In the article “Stop Living in Misery: You Deserve Better,” published on January 26, 2016, in Above the Law, author Jeena Cho ponders this question: Why are so many lawyers unhappy? Cho states that nobody decides to go to law school with the aspiration that they will hate their job. So why do so many lawyers end up there?
Cho says that she was once in what she dubs the “Miserable Lawyer camp.” She pulled all-nighters and worked 70 or more hours per week. She would get that “awful feeling in the pit of [her] stomach on Sunday nights and it would magically disappear during Friday happy hours.” (Sound familiar?) Cho says that she chose to live like this because she didn’t think there was an alternative. She legitimately thought that lawyers were supposed to be miserable. And if you weren’t miserable, you weren’t doing it right. But Cho points out that misery is not a natural part of being a lawyer—it’s a choice. And with a little effort, you can change your negative thinking.
Cho says that the first step in making any change is “awareness.” When working with lawyers, she likes to “explore the details, the specifics, the root of the unhappiness.” She says that lawyers often identify things like “lack of autonomy, not having an understanding of the bigger picture—how her work fits into the larger project, ‘emergencies’ that could’ve been prevented with proper planning, lack of feeling that her work matters, lack of teamwork, interpersonal conflict, and dealing with people who suffer from . . . ‘A**hole Syndrome.’”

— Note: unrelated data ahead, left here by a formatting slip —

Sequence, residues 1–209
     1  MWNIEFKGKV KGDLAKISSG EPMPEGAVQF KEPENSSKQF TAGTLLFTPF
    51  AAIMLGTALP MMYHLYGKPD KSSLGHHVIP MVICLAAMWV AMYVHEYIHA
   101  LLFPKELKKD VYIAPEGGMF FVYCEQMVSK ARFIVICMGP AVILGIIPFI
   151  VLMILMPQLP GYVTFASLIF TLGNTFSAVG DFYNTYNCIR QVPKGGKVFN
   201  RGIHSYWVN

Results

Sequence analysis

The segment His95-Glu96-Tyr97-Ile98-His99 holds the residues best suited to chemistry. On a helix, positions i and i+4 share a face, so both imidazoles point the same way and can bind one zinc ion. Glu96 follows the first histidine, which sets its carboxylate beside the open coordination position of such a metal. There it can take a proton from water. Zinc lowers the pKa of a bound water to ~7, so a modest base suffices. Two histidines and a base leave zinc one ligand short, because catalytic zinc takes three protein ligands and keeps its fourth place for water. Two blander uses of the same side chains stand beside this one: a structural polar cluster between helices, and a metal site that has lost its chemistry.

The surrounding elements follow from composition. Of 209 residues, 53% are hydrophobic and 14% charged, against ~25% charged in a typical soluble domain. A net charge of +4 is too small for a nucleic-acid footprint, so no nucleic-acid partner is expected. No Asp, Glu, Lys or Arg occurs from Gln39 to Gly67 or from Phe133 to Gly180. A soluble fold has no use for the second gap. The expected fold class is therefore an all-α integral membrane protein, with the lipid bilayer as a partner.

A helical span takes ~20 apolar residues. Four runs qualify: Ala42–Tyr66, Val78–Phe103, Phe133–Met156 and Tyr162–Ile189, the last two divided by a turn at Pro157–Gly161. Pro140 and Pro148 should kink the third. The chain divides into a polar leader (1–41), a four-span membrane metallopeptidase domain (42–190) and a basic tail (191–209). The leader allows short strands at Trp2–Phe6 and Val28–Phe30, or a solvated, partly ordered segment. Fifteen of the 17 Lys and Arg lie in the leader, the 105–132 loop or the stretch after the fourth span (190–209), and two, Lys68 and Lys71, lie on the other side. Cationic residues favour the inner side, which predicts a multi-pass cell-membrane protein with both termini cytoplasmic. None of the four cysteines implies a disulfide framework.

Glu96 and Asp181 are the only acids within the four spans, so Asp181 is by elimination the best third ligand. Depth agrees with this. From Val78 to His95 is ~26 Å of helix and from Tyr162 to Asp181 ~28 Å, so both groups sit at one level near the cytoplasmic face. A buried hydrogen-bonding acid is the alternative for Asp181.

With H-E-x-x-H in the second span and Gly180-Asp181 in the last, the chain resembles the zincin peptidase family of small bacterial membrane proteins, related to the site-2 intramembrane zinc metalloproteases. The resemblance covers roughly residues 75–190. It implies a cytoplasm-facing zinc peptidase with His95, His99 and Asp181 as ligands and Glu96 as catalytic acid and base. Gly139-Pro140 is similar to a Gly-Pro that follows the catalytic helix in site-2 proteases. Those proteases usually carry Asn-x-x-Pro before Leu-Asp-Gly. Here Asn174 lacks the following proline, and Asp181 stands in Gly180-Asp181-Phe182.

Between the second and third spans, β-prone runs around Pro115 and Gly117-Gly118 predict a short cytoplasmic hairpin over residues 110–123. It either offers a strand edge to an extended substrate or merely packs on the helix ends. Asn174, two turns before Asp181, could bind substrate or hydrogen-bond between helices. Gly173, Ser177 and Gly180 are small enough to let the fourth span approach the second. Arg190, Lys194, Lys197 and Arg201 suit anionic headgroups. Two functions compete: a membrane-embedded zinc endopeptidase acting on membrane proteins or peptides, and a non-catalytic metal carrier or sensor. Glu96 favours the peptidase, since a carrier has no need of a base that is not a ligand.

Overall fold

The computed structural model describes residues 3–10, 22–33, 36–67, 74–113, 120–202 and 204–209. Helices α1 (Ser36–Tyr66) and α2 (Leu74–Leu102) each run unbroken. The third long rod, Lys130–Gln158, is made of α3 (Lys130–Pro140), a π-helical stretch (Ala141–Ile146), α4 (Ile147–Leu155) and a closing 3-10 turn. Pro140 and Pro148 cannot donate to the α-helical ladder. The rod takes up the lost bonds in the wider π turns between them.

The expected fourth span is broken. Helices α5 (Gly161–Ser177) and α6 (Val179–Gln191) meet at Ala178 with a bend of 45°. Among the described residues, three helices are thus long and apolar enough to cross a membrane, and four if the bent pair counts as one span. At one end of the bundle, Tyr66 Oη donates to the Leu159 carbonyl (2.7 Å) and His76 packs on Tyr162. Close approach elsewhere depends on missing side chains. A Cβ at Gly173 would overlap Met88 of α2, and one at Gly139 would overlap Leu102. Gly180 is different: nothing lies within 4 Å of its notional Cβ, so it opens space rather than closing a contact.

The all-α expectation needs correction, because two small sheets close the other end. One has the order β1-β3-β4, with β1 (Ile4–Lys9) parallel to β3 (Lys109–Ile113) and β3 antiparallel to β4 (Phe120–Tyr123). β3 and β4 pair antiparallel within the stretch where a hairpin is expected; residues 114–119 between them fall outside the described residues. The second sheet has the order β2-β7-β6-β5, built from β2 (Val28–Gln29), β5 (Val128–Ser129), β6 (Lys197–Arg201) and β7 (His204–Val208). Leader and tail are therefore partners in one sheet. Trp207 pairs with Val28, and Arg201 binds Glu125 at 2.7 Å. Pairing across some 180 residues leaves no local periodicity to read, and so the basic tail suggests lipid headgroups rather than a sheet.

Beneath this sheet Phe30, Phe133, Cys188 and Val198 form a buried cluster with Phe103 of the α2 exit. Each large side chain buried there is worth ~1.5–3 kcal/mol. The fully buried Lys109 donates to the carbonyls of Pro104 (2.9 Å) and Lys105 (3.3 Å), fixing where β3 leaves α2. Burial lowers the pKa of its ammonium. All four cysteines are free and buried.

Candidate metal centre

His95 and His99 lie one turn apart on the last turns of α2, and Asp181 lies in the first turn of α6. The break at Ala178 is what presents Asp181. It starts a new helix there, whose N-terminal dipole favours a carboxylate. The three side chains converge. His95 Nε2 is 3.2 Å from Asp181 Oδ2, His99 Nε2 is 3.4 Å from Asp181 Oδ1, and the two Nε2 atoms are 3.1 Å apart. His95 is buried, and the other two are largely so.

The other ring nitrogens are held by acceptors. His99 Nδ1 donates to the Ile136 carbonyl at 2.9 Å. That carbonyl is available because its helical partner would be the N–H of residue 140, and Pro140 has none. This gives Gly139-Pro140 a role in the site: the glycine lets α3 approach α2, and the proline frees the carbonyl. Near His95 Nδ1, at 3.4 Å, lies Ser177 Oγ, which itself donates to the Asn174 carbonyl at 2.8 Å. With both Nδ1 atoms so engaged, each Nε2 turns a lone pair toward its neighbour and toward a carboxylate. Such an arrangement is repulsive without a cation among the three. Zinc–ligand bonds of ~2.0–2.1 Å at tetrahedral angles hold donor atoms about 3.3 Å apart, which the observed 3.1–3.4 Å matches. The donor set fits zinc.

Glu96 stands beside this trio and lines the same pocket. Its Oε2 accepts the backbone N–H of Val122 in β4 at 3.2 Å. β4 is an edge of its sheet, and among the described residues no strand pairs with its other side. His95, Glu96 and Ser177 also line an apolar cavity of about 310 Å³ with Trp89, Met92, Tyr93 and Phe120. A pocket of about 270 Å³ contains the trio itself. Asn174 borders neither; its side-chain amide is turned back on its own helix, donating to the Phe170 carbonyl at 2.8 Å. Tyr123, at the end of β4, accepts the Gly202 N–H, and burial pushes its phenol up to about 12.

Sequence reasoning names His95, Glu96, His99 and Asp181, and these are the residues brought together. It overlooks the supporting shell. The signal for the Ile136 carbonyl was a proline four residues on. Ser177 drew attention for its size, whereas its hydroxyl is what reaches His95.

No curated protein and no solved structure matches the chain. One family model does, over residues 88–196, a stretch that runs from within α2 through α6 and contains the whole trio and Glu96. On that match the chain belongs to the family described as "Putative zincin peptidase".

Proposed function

To start this exploration yourself, Cho says you should create “quiet space” (which she acknowledges can be hard to find when you feel like you are drowning). But you need to be able to look at your situation from a calm and centered place. You need to create a space to “respond rather than react.”
Cho recommends creating this space through the “practice of mindfulness.” This can be done by just quietly sitting for a few minutes each day. With practice, Cho says she has learned that she can more easily identify the causes of her problems and she can notice her emotions without getting carried away by them.
For Cho, exploring the areas of work that caused her dissatisfaction ended up being a gift. She says she was better able to relate to her clients and produced better work product when she began to understand and master her emotional reactions.
Cho stresses that if you are miserable, it is up to you to do something about it. If you practice being miserable, it will become your default reaction. But if you practice bringing something better, then that is what will get stronger. Cho she approaches each situation with kindness, empathy, and compassion. She encourages her readers to reflect on what will work for them.
Keywords: solo and small firm, litigation, solo practice, advice, Susan Cartier Liebel